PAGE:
World Screenwriters’ Resolutions

14th October 2014 by Maura McHugh

At the recent World Conference of Screenwriters held in Warsaw, Poland, member guilds of the International Affiliation of Writers Guilds (IAWG) as well as members of the Federation of Screenwriters in Europe, passed two resolutions.

The first one, titled the Warsaw Women’s Resolution, calls on the television and film industry to address the issue of gender inequality in the industry. The resolution asks industry members to set a goal of having 50% of scripts across genres and at every budget level written by women. Jill Golick, president of the Writers Guild of Canada, and outgoing chair of the IAWG’s policy and research group, presented the resolution to the assembly, where it was adopted unanimously.

Statistics from writers’ organizations around the world clearly report that women write fewer scripts, receive fewer commissions, have shorter careers, and earn less money for their work than their male colleagues. As a report titled Focus on Women (2013) by Canadian Unions for Equality on Screen notes, in Canadian television alone 21 live-action programs receiving significant levels of funding from the Canada Media Fund (2010-11) were written by 65% male screenwriters, 35% female.

The full resolution follows:

Statistics from writers’ organizations around the world show clearly that women writers are under employed. We write fewer scripts, receive fewer commissions, have shorter careers and earn less than our male colleagues.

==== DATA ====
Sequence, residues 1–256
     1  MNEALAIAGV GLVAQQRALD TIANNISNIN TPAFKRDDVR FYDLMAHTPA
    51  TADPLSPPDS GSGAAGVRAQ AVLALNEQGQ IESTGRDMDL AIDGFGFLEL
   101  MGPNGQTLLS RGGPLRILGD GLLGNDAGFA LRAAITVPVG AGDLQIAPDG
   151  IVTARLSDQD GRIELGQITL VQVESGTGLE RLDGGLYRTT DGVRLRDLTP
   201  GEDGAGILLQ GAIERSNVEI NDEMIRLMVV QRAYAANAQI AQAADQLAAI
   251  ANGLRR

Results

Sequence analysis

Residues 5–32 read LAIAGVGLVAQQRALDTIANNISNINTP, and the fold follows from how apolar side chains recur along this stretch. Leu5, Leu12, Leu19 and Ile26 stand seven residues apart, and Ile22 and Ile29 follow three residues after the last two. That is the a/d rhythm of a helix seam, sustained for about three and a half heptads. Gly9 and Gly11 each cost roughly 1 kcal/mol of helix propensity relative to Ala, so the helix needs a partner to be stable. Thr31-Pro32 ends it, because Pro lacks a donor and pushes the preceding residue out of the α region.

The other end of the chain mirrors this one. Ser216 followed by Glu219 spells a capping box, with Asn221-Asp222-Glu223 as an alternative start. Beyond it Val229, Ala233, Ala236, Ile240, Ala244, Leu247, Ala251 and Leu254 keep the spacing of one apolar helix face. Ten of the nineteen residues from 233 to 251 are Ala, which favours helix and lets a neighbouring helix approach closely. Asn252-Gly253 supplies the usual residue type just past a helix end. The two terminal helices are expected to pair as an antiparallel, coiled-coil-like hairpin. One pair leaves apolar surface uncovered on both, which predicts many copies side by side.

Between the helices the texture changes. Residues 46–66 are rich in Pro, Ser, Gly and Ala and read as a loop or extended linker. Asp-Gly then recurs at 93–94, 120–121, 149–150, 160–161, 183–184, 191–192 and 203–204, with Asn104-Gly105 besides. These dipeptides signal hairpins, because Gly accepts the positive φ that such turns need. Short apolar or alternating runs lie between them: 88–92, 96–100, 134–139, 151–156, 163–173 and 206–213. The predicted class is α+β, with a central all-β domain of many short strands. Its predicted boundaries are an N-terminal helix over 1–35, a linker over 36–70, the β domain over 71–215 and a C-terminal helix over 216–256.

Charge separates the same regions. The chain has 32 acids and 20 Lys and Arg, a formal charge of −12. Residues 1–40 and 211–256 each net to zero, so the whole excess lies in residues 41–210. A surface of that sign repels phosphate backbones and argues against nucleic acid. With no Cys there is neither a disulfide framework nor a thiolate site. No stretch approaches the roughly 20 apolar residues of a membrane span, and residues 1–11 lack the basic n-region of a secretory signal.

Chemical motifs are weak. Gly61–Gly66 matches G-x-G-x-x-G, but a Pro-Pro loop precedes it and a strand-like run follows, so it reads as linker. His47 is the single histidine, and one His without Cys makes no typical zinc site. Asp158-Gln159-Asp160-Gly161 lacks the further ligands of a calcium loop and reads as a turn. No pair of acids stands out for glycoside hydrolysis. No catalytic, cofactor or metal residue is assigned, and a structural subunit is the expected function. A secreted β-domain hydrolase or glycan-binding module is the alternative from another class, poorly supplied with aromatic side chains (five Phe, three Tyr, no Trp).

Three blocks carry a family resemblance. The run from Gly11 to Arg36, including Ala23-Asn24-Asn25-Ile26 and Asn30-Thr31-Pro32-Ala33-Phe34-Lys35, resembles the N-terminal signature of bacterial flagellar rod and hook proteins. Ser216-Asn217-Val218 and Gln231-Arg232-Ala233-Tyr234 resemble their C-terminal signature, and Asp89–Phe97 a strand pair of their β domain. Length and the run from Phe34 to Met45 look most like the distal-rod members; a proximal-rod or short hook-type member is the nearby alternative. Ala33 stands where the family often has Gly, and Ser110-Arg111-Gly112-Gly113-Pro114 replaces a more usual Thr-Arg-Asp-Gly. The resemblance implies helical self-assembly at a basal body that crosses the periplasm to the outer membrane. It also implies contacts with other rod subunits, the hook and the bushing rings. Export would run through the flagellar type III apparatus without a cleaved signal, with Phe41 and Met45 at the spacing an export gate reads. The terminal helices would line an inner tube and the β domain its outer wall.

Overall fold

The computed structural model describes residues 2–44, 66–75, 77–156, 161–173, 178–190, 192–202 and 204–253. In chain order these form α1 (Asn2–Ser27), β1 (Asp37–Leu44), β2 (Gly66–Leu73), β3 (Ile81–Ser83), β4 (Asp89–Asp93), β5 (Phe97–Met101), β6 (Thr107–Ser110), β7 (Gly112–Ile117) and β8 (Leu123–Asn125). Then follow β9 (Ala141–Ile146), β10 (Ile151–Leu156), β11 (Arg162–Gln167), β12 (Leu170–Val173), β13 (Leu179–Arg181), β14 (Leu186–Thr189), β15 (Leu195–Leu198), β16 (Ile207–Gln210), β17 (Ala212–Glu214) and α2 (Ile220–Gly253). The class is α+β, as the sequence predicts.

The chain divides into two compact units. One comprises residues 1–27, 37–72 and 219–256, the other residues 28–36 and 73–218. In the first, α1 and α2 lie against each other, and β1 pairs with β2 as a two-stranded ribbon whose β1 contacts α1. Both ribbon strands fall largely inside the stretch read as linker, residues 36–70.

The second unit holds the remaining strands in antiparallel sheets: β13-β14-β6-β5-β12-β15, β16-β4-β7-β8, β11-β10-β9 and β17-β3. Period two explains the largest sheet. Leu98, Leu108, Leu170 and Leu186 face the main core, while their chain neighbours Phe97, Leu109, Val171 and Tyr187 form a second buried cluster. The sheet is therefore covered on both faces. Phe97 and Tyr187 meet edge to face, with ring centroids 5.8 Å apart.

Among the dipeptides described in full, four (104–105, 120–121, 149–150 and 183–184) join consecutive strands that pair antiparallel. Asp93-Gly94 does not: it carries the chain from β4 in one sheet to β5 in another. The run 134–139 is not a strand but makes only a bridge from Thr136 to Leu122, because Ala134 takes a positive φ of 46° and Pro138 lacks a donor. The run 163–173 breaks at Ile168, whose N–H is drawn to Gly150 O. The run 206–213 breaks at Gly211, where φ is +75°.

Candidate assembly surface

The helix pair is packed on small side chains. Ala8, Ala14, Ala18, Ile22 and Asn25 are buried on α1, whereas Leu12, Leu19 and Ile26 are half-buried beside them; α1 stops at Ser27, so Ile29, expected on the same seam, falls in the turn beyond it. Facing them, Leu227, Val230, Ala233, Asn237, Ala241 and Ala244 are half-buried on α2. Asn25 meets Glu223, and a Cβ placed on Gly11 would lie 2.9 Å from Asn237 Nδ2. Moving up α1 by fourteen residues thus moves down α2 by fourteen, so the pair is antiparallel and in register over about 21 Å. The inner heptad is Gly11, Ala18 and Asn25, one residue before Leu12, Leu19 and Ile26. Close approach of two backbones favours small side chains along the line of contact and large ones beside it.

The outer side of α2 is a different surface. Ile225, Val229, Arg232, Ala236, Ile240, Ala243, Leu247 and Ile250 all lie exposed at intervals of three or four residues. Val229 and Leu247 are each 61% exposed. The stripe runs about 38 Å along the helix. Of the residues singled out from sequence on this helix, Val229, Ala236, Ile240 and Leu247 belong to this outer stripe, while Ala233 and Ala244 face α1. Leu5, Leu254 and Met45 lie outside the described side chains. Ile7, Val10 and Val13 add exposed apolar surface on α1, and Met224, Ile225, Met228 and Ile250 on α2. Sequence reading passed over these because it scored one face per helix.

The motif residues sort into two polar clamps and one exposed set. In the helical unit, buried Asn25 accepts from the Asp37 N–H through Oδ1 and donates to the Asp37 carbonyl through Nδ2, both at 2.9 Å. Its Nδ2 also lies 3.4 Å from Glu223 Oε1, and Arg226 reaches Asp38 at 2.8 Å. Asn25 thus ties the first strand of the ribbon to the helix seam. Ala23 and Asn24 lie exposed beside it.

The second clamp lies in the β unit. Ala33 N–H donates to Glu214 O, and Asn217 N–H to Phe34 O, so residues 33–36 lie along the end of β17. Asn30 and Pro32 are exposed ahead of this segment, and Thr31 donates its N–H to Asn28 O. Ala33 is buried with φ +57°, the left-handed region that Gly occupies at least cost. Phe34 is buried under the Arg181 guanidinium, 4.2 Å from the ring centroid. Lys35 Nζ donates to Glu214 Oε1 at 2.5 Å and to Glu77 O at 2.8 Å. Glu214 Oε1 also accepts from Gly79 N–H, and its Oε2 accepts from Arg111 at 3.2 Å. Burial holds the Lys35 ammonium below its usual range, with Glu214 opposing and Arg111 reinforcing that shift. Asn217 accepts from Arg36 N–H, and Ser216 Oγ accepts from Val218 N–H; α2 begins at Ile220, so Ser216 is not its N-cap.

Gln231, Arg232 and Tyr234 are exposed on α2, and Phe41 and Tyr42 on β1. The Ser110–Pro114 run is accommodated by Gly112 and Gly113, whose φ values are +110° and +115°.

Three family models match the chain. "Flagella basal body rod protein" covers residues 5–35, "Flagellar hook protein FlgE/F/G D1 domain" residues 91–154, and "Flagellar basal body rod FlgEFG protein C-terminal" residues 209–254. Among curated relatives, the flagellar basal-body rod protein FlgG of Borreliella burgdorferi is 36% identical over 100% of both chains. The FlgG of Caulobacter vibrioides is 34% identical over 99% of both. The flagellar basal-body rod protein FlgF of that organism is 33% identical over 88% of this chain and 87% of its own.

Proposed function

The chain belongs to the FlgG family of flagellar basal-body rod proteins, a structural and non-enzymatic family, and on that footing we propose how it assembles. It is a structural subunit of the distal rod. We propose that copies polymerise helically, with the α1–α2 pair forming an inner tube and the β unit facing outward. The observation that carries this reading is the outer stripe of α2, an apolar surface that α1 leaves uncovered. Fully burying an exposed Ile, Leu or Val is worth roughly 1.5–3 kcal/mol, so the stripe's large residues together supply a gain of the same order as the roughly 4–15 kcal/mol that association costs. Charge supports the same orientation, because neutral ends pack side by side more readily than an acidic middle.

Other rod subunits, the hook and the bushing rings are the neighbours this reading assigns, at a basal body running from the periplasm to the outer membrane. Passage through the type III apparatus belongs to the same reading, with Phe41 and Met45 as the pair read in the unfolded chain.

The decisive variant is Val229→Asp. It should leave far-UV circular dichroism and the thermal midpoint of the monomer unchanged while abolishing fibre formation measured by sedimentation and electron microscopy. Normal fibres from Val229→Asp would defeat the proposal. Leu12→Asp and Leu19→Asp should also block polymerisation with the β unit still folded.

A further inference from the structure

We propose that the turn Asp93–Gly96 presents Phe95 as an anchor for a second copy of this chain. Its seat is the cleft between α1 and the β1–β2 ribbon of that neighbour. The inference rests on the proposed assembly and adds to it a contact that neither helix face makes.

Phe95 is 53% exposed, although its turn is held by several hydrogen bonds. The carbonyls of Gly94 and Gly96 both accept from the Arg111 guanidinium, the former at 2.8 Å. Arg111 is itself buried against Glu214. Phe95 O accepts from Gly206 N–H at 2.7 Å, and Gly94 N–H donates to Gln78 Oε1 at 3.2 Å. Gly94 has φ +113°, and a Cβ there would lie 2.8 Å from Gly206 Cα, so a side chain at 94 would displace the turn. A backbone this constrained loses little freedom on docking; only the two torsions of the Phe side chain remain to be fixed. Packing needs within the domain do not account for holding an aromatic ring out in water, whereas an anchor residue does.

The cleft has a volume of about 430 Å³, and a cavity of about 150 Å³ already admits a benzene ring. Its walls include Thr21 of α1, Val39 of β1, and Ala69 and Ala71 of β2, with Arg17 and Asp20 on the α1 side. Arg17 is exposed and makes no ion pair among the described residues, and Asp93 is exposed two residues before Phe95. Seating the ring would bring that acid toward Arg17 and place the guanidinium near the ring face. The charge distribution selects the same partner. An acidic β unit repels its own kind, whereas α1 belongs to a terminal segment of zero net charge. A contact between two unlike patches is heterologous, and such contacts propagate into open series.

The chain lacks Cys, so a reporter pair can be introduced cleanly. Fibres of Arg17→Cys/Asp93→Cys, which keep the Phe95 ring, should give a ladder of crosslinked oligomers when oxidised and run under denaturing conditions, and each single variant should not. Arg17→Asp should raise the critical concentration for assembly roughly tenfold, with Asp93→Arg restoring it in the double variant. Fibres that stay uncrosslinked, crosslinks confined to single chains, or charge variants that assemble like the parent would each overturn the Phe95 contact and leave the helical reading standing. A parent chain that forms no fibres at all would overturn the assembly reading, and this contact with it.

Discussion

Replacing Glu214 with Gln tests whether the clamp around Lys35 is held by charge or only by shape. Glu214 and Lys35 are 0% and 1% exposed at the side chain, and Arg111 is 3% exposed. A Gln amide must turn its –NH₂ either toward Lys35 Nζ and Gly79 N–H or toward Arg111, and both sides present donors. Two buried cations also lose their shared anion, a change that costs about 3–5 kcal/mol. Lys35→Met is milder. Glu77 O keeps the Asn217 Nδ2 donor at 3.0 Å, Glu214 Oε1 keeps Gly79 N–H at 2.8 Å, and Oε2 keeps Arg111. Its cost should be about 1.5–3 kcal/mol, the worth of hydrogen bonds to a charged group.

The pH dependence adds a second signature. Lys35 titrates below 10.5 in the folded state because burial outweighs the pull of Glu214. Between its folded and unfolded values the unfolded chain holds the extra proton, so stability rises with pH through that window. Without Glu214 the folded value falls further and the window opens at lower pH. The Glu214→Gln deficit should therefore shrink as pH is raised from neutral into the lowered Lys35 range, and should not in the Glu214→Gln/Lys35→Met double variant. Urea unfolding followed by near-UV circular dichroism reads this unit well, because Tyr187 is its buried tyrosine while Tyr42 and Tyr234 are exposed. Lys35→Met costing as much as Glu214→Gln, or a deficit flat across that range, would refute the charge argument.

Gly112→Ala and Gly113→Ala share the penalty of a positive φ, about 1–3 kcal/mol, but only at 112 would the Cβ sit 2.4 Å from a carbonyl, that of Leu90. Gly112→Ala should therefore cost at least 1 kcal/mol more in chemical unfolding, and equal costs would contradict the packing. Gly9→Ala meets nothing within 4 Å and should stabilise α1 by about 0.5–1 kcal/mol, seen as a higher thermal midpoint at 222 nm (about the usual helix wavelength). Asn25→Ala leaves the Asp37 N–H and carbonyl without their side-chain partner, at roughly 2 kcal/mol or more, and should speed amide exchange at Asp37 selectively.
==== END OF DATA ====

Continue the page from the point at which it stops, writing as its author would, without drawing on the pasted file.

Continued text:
Women have the talent, experience and ambition to participate as equals in every aspect of the industry. What stands in our way is institutional gender bias.

We the 30 guilds and writers organizations present at the Warsaw Conference of Screenwriters 2014 representing 56,000 male and female screenwriters, call upon our commissioners, funders, studios, networks and broadcasters to set the goal of having 50% of scripts across genres and at every budget level written by women.

Let us reflect back to our audiences, and especially our children, worlds in which men and women are truly equal.

The second resolution, known as the Warsaw Final Resolution, stresses the need for broadcasters, digital service providers, financial institutions, producers, and film studios to respect the creative independence of screenwriters and other artists involved in production.

It reads as follows:

This golden age of television is created by writers. The season(s) long narrative arc allows unprecedented room for the development of multi-dimensional characters and intricate plots.

Investment in writers to allow them the creative and financial space to do what they do best is key to the strengthening and continuation of quality television which appeals to audiences both local and global.

Be it resolved that the 30 screenwriter guilds present in Warsaw at WCOS03, representing 56,000 writers, assert the essential role of the creator and his/her singular vision in the production of quality television. We propose the Danish model of “one vision”, which has respect for creators at its core, as the industry standard to be adopted by broadcasters, digital subscription services, funding agencies, producers and studios.

Writers must be provided with the time and resources to develop their plots and characters without either being rushed to camera or interfered with by executives who so often muddy the creative waters. We also resolve to focus on professionalizing the “Created By” credit in all our negotiations to ensure fair remuneration and respect are attached, and to create a global standard for this credit.